A comprehensive review of the literature revealed only five prior case reports of Y. enterocolitica causing prosthetic joint infection, which includes 2 cases after total hip arthroplasty (THA) and 3 cases after total knee arthroplasty (TKA) [26]. These have been reviewed in the discussion section.

2. Case Presentation

A 70-year-old female with multiple medical comorbidities, including hypertension, end-stage renal disease (ESRD), and multiple prosthetic joints including a left total knee arthroplasty (TKA), presented to the emergency room with one-week history of left knee pain, erythema, and swelling. Prior to developing the symptoms in her knee, she suffered from loose stools and abdominal pain that had resolved by the time the patient developed pain in her knee. The patient denied any recent trauma, any rashes, or recent travel.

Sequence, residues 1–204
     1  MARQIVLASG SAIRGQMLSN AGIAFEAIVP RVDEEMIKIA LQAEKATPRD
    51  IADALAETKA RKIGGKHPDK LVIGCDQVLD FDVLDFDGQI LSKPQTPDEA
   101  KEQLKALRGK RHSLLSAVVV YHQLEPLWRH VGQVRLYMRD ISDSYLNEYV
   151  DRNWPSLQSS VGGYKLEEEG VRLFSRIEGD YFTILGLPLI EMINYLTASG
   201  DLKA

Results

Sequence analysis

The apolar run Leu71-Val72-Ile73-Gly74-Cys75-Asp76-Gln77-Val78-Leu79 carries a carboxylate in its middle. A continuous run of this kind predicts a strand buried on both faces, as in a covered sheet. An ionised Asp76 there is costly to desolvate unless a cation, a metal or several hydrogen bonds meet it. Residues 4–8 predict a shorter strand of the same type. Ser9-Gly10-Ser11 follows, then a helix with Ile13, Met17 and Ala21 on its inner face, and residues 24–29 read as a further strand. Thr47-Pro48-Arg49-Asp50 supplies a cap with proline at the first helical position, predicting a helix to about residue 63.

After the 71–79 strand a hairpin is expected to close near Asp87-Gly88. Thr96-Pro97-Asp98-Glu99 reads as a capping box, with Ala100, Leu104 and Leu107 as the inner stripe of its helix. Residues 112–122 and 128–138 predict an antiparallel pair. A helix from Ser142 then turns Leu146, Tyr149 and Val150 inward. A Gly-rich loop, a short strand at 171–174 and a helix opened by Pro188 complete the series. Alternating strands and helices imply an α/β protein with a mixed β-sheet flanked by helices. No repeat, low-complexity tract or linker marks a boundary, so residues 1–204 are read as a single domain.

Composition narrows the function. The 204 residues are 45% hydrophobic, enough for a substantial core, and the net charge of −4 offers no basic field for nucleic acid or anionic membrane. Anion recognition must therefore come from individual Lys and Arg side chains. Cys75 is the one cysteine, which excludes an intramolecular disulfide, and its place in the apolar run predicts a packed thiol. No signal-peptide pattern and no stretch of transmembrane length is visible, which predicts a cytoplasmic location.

Physical examination was pertinent for tachycardia with a heart rate of 147 beats per minute, respiratory rate of 25 breaths per minute, temperature of 100.5 F, and oxygen saturation of 100% on room air. Blood pressure was 101/59 mmHg. The left knee was red, hot, and swollen. The range of motion of the left knee was restricted. The rest of her physical examination was unremarkable.

On laboratory work up, hemoglobin was 15.2 g/dL (13.5–17.5 g/dL); white blood cell (WBC) count, 14,900 cells/uL (4.5–11 k/uL), total bilirubin, 0.8 mg/dL (0.3–1.0 mg/dL); aspartate aminotransferase, 35 U/L (13–39 U/L); alanine aminotransferase, 33 U/L (4–33 U/L); alkaline phosphatase, 124 U/L (34–104 U/L); s. creatinine, 2.3 mg/dl; and sodium and potassium, within normal limits. Lateral and anterior-posterior view X-rays of the left knee joint showed prior total knee replacement but no other significant findings (Figures 1 and 2).